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Today's Stichomancy for Tom Hanks

The first excerpt represents the past or something you must release, and is drawn from The Koran:

On the day when we will assault with the great assault, verily, we will take vengeance.

And we already tried the people of Pharaoh when there came to them a noble apostle: 'Send back to me God's servants; verily, I am to you a faithful apostle;' and, 'Exalt not yourselves above God; verily, I come to you with obvious authority. And, verily, I seek refuge in my Lord and your Lord, that ye stone me not. And if ye believe not in me then let me alone!'

Then he called upon his Lord, 'Verily, these are a sinful people.' So journey with my servants by night-verily, ye will be pursued. But leave the sea in quiet-verily, they are a host to be drowned! How many

The Koran
The second excerpt represents the present or the deciding factor of the moment, and is drawn from The Life and Adventures of Santa Claus by L. Frank Baum:

Claus gazed upon them earnestly.

"Your brothers of the Forest," he said, "I have known and loved many years. I shall love you, also, when we have become friends. To me the laws of the Ryls, whether those of the Forest or of the field, are sacred. I have never wilfully destroyed one of the flowers you tend so carefully; but I must plant grain to use for food during the cold winter, and how am I to do this without killing the little creatures that sing to me so prettily of their fragrant blossoms?"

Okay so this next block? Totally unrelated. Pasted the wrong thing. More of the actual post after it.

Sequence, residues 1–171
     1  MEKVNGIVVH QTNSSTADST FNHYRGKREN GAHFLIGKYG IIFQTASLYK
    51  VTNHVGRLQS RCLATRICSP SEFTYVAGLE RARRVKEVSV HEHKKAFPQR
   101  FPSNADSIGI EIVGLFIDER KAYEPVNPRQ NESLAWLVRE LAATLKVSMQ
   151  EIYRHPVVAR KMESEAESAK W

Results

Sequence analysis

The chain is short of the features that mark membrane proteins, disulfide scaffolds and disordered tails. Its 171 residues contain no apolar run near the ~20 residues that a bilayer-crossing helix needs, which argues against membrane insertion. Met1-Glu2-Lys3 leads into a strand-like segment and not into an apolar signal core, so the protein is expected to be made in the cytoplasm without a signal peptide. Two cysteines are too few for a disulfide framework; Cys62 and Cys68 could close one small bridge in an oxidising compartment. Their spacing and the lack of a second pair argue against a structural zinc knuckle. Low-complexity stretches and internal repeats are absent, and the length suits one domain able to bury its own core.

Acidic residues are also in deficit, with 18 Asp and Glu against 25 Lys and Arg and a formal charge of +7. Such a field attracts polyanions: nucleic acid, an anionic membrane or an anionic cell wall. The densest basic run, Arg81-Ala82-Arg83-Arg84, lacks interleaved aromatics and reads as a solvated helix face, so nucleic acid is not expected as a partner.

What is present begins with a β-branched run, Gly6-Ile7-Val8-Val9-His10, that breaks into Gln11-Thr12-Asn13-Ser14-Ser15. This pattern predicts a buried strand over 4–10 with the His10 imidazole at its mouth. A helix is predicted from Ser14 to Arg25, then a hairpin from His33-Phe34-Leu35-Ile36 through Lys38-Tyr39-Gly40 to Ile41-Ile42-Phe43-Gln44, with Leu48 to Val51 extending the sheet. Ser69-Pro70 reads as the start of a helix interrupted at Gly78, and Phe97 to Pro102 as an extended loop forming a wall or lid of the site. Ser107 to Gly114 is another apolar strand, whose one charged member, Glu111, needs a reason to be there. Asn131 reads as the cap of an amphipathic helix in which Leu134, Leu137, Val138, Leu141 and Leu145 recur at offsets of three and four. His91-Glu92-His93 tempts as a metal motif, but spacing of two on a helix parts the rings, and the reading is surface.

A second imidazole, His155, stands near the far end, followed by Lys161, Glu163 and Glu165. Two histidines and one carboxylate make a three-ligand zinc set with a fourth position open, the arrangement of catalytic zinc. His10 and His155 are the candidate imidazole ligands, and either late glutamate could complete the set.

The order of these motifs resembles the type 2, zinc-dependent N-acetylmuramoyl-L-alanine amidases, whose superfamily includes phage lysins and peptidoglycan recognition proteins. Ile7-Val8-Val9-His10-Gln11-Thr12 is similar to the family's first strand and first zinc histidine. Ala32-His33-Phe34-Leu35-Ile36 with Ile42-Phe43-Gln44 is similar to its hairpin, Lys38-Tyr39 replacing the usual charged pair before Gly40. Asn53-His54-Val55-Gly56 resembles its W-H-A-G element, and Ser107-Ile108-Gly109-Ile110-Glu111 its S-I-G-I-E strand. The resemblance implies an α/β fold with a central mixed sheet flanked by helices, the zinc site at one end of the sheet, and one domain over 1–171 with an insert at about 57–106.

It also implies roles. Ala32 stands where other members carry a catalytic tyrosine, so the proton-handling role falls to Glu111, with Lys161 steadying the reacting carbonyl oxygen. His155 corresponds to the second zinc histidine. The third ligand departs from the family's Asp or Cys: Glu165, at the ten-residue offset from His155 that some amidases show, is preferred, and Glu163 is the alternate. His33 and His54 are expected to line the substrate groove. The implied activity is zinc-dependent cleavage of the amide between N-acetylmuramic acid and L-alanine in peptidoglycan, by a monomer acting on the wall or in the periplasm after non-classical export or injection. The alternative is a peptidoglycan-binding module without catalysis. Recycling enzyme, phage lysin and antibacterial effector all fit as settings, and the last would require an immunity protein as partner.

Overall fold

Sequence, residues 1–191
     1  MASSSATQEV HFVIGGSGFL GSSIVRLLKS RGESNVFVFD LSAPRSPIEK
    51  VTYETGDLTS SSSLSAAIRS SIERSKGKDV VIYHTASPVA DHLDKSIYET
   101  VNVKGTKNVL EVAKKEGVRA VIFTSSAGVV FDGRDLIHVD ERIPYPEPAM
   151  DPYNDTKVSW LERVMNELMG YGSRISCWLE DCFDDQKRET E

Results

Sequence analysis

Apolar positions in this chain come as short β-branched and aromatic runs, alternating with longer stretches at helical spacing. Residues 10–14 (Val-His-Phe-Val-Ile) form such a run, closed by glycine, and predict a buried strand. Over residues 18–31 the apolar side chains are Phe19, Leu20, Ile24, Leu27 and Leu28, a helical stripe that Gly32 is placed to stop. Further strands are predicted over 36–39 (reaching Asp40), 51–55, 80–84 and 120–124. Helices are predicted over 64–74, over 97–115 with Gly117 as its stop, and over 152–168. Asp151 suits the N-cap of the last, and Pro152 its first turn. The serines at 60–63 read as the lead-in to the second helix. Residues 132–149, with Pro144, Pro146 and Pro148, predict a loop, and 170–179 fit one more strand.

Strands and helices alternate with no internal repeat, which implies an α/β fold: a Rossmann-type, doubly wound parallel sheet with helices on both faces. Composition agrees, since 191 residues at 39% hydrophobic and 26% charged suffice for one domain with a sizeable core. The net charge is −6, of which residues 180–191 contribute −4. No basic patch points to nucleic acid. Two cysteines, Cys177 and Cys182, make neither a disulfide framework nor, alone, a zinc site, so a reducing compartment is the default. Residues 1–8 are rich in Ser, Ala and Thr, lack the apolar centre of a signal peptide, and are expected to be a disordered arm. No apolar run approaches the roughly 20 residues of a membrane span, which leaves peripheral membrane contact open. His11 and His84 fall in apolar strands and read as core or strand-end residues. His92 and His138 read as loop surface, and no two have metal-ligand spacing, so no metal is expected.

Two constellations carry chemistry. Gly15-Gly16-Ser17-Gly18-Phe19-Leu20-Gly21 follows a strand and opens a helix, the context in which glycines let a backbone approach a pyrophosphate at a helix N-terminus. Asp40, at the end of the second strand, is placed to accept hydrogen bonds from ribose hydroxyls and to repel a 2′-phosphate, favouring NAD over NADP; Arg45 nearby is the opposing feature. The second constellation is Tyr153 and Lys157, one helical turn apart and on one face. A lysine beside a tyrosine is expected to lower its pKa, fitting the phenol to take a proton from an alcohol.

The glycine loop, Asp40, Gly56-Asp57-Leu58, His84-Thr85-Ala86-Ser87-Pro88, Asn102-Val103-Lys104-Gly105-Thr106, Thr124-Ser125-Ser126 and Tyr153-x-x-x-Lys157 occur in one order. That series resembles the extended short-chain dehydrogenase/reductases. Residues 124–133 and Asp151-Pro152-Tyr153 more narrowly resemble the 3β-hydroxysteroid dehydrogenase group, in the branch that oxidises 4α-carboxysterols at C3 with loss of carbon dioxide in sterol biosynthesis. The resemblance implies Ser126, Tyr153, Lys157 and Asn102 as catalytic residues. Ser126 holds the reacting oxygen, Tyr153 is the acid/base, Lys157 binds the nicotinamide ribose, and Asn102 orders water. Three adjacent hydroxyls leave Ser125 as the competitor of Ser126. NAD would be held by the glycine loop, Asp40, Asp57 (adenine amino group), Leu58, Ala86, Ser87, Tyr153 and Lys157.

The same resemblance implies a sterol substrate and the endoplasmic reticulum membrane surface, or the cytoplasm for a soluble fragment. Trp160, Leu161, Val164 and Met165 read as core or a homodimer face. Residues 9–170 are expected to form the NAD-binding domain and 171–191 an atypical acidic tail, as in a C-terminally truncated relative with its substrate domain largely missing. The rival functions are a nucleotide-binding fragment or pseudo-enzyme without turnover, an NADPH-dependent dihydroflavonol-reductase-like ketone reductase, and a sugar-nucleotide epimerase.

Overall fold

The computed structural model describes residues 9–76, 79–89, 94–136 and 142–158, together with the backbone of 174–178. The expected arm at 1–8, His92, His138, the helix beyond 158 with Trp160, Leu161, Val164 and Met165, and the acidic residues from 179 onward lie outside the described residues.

The Yellow Ryl, he who tends the buttercups, made answer:

"Fret not, friend Claus. The great Ak has spoken to us of you. There is better work for you in life than to labor for food, and though, not

The Life and Adventures of Santa Claus
The third excerpt represents the future or something you must embrace, and is drawn from The Secrets of the Princesse de Cadignan by Honore de Balzac:

distinguished; your manner of saying things would make a cook-book interesting."

"You go fast in friendship," she said, in a grave voice which made d'Arthez extremely uneasy.

The conversation changed; the hour was late, and the poor man of genius went away contrite for having seemed curious, and for wounding the sensitive heart of that rare woman who had so strangely suffered. As for her, she had passed her life in amusing herself with men, and was another Don Juan in female attire, with this difference: she would certainly not have invited the Commander to supper, and would have got the better of any statue.